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United States v. Mashali

United States District Court, D. Massachusetts

February 7, 2018

UNITED STATES OF AMERICA
v.
FATHALLA MASHALI

          ORDER

          RYA W. ZOBEL, SENIOR UNITED STATES DISTRICT JUDGE.

         This is the court’s second competency determination of defendant Fathalla Mashali. Formerly a licensed physician who operated several pain clinics in New England, defendant has pleaded guilty to charges of healthcare fraud, conspiracy to commit mail fraud, and money laundering. (Docket # 131 (Second Superseding Indictment), Docket # 329 (Plea Hearing).)

         In late 2015, defendant’s counsel moved for a competency hearing pursuant to 18 U.S.C. § 4241. The court allowed that motion, and on September 9, 2016, after several evaluations and an evidentiary hearing, found defendant competent to stand trial. Trial was scheduled to commence on March 20, 2017, but on March 1, 2017, defendant moved for a Rule 11 hearing. At the March 2 plea hearing, defendant denied knowledge of the fraud charged, although he acknowledged his responsibility for the clinic’s activities. As a result, the court did not accept his plea and continued the hearing. At a second plea hearing two weeks later, defendant explained in some detail his regimen of outpatient mental health and medical treatment, acknowledged his guilt, and stated that he fully understood the proceedings. Defendant explicitly admitted knowledge of the healthcare fraud scheme and of the scheme’s illegality. He acknowledged that he had instructed his employees to bill incorrectly and submit claims for work not performed. The court accepted his plea.

         A sentencing hearing was scheduled on July 26, 2017. On July 20, 2017, defendant’s counsel moved for a competency determination. At the hearing on that motion, the government joined the request for a competency ruling, but requested that defendant be committed to the Bureau of Prisons (“BOP”) for such mental evaluation. The court allowed both motions. The BOP issued its report on January 8, 2018 (Docket # 355), and an evidentiary hearing to determine competency for sentencing followed on January 23, 2018. At the hearing, defendant moved orally and without counsel’s support to withdraw his guilty plea, which was denied. Below are my findings of fact and conclusions of law with respect to defendant’s competency for sentencing.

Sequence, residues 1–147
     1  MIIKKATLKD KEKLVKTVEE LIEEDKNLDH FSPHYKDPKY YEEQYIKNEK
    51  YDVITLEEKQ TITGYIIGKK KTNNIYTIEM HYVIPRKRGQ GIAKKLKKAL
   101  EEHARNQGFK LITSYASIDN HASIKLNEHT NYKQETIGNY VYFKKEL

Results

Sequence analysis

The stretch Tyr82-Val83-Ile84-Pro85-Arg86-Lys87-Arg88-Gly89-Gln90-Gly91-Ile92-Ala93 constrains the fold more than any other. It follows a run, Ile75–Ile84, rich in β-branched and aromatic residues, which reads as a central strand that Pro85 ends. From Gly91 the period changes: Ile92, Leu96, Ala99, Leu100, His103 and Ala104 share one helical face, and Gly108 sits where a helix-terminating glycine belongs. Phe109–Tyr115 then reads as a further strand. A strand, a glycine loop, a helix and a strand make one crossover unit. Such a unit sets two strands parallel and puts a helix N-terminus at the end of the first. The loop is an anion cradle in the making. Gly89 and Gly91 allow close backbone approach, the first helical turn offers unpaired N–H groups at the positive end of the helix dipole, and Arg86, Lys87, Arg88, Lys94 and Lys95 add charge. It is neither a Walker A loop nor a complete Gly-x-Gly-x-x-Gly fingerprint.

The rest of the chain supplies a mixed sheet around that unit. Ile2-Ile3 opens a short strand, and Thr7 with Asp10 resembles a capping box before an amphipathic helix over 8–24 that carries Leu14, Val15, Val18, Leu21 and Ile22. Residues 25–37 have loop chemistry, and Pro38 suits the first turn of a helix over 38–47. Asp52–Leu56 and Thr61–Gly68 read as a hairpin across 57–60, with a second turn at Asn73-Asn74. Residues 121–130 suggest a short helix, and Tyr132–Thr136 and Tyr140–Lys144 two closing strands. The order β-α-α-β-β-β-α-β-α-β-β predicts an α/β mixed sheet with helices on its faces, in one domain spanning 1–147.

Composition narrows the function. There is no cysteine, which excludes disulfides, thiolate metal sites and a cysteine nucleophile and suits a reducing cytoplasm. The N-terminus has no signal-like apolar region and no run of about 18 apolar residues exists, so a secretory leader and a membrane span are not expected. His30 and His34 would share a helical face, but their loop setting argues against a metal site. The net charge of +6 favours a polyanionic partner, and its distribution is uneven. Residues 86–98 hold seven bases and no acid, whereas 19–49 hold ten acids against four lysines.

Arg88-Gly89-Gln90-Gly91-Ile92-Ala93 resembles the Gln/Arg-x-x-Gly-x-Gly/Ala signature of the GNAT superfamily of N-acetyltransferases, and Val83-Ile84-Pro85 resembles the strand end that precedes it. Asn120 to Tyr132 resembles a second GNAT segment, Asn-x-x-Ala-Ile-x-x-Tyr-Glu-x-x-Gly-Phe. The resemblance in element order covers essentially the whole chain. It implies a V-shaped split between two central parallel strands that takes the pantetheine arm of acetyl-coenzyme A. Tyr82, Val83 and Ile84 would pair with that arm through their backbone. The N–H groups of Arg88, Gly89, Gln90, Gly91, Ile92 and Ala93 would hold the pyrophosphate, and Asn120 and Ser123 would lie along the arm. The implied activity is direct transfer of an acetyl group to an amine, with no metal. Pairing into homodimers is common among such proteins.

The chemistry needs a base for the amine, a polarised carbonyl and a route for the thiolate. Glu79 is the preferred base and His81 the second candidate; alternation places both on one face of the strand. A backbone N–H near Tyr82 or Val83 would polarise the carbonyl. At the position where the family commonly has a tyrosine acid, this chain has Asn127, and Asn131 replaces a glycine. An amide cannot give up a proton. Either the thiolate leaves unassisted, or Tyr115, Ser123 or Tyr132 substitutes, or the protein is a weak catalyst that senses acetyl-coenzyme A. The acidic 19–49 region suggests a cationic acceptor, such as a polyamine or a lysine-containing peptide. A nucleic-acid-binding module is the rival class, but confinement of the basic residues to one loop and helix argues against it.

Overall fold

I. The Record

         The sole witness at the hearing was Dr. Shawn Channell, a forensic psychologist and the author of the January 2018 BOP report evaluating defendant’s competency. In addition to Dr. Channell’s testimony and report, the parties agree that the record before me consists of several earlier reports and findings as follows:

• Report of the government’s expert Dr. Martin J. Kelly, dated February 10, 2017 (Docket # 310);
• Reports of defendant’s expert Dr. Roger H. Gray, dated December 8, 2016, July 19 and 20, 2017 (Docket # 341-1);
• Reports of defendant’s expert Dr. Leslie Vogel, dated July 20 and 21, 2017 (Docket # 341-1);
• Findings of fact contained in this court’s previous determination of defendant’s competency (Docket # 276), and any materials relied upon therein, including the record of the June 30, 2016 competency hearing.

         II. Findings of Fact

         I analyze each expert’s findings separately.

         A. Dr. Martin J. Kelly

         As the government’s expert, Dr. Kelly found defendant competent to stand trial as of February 2017. Before reaching that conclusion, Dr. Kelly conducted four and a half hours of psychiatric interviews of defendant in January 2017 and reviewed defendant’s medical and legal records. Throughout the course of these interviews, defendant “repeatedly stressed his innocence and that he was unaware of any problem with his practice until authorities became involved and that it was never his intention to defraud the government nor did he engage in any fraudulent activity.” (Docket # 310, at 4.) I credit Kelly’s characterization of defendant as a person with ...


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